Helping more students to get through college would go a long way toward easing the inequality problem. Of course, individuals like Nguyen benefit directly, with better chances of landing higher-paying jobs if they get a college degree. But there's a more profound impact, as well, that reaches into the workings of the country's labor markets. New studies by Katz and others show why. The economists have found that the demand for college-educated workers has been outstripping the demand for nondegreed workers by 3% to 4% a year in every decade since at least the 1940s, when reliable data became available. But the growth in the supply of these skilled workers has slowed in the 1990s, creating a bigger mismatch than ever. Today's low jobless rate hasn't been enough to help low-skilled workers gain ground on more educated ones, largely because the demand for skilled workers continues to exceed supply.

SMALL STEPS? Putting a lot more Gen Y-ers through college would equalize supply and demand. Katz and University of Chicago economist Kevin Murphy have calculated how much college enrollments would have to climb to achieve labor market equilibrium. The conclusion: about 500,000 additional students a year for a decade. This is roughly how many more there would be if Gen Y-ers lift their enrollment by 1% annually. In other words, wage gains would tend to equalize for high- and low-skilled workers if the U.S. came close to 7 million additional students a year by 2015. ''If you want to reverse inequality, we need to increase college enrollments as much as we did in the 1960s,'' says Berkeley's Card, who has done similar calculations.

To see those 7 million Gen Y-ers through college graduation would cost combined federal, state, and local governments an additional $35 billion a year, up from about $45 billion a year now. But that's a relatively small chunk of the $313 billion the federal budget surplus will produce annually over the next 15 years. And many states, which foot most of the higher ed bill, are running surpluses, too. ''Unless we find more money, we'll choke off enrollments for exactly those most underrepresented in higher education today,'' says RAND Corp. economist Steve Carroll.

Washington already has taken a step in this direction. In 1997, Congress passed President Clinton's plan to double federal spending for higher ed, to some $24 billion a year. However, many experts say his new Hope Scholarships and college tax deductions are simply disguised middle-class tax breaks that will do little to boost overall enrollments. Most of the new funds are likely to go to ''middle-class students who would attend college anyway,'' says Lawrence E. Gladieux, policy analyst at the College Board, an association of 3,000 colleges based in Washington, D.C. He and other experts advocate sinking those funds into Pell grants like Nguyen gets, which are restricted to low-income students.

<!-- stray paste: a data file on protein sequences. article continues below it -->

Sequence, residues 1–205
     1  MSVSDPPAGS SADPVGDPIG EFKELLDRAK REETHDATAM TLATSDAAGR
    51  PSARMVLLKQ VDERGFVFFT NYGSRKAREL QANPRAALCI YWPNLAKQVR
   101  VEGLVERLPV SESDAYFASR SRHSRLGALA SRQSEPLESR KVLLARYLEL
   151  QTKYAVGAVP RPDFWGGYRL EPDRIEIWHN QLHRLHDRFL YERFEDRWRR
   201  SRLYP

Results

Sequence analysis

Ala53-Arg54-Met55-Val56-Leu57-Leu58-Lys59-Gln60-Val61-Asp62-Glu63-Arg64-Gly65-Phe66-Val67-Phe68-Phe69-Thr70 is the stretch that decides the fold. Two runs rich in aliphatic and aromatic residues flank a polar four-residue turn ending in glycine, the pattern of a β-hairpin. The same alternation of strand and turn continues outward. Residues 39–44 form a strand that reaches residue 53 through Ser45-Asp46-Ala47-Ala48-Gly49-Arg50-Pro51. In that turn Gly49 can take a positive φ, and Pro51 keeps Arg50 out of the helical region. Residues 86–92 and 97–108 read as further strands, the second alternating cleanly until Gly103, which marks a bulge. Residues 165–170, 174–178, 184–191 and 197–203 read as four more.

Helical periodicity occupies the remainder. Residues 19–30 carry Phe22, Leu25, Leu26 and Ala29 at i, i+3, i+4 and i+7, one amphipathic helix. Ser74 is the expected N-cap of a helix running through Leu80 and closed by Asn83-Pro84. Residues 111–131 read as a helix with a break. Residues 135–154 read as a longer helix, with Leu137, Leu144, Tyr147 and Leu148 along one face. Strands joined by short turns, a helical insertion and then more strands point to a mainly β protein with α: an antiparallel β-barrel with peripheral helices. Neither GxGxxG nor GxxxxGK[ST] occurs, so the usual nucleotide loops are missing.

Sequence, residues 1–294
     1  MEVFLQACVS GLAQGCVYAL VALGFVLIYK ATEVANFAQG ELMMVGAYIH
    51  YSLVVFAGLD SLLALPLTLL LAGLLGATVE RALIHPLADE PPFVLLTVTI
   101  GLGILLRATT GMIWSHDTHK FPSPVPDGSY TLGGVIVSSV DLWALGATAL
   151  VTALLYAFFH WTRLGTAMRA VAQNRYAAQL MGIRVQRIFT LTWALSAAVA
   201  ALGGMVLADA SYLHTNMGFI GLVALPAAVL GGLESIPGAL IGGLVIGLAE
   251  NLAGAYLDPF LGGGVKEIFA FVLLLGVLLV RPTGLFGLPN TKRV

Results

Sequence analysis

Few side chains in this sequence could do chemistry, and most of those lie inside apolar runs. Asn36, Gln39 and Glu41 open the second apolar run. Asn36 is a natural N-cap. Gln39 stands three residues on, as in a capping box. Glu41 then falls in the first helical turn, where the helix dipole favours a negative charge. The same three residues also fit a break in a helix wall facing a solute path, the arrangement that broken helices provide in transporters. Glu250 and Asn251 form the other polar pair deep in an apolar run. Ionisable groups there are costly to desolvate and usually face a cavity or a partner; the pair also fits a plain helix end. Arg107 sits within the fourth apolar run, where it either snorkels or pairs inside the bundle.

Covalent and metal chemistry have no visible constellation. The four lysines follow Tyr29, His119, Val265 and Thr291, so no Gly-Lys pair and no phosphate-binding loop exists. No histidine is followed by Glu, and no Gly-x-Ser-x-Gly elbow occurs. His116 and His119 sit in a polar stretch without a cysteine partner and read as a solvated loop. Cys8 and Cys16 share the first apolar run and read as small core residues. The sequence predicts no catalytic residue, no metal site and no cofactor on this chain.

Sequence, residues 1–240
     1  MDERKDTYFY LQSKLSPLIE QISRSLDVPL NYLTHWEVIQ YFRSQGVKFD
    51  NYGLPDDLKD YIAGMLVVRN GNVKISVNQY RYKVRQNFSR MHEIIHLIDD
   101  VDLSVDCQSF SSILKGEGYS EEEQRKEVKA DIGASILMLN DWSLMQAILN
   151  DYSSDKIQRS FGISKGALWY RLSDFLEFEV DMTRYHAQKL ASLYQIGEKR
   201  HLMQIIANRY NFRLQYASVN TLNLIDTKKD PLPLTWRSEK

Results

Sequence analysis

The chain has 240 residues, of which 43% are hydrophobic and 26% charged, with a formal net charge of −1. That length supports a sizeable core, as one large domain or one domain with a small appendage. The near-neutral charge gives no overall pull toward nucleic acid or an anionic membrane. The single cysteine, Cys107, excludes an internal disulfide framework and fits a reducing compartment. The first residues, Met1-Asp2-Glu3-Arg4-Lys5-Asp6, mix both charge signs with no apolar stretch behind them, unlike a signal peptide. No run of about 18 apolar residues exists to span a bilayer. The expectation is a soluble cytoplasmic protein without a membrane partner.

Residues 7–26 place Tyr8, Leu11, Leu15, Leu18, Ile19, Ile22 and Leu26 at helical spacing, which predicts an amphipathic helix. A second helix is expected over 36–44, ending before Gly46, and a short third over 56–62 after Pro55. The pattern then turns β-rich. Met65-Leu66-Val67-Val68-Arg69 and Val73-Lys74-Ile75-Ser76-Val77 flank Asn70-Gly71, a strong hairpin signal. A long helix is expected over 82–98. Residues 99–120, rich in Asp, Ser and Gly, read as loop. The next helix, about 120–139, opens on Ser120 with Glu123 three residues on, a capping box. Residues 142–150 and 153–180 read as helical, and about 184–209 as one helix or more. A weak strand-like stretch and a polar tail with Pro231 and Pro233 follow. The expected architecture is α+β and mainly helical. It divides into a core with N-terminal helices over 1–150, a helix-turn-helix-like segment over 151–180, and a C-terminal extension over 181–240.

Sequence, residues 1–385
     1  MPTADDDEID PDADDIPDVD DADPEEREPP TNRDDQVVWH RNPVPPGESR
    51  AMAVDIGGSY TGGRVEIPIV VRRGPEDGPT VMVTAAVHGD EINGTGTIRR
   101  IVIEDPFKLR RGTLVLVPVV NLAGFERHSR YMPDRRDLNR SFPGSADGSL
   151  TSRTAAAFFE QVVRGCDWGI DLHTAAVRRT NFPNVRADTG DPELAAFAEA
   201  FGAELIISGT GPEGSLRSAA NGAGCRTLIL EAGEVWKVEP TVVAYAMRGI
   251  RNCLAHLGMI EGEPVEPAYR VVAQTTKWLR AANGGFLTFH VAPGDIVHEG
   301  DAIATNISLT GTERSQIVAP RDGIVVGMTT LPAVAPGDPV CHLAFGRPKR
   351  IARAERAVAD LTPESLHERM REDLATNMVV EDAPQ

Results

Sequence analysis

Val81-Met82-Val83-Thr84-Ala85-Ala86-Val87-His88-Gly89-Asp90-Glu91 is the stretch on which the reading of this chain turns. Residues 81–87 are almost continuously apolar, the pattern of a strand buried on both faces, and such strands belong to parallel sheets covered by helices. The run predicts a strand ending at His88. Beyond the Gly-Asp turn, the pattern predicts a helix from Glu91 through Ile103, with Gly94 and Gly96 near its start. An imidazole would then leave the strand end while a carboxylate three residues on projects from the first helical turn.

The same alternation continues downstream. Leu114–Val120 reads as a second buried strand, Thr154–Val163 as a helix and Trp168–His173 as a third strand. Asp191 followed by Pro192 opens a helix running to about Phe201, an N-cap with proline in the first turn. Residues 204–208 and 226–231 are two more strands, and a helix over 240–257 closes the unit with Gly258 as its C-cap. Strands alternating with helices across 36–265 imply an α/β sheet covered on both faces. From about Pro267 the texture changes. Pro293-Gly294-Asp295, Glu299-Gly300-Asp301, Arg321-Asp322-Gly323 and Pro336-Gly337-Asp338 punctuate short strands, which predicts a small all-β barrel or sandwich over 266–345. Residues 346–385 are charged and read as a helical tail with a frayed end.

New thinking by colleges also can help keep down the cost, some experts say. To reduce the need for a 1960s-style building spree, colleges must make more efficient use of their resources, recommends California's higher ed commission. For example, colleges should deliver more courses via the Internet. Or they might use classrooms year-round or shift classes to community colleges that run evenings and weekends. Such flexibility also would let more students combine work and study. ''Society must invest more in higher education, but we also must make the whole system more effective,'' says commission member and Xerox Corp. Chief Scientist John Seely Brown.

Many economists today argue that the U.S. and other advanced countries are faced with constantly moving up the skill ladder to keep ahead in a global economy. That goal will be achieved only if the U.S. renews its commitment to higher education. The investments required to help students like Nguyen are steep, but if America doesn't make them, the price could be even steeper.

By Aaron Bernstein

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Commentary: What Can K.O. Inequality? College

CHART: If Higher-Ed Spending Climbs...College Enrollment Could Rise...

CHART: ...Especially from Low-Income Families...

CHART: The Rising Cost of College...Has Boosted Students' Share of Spending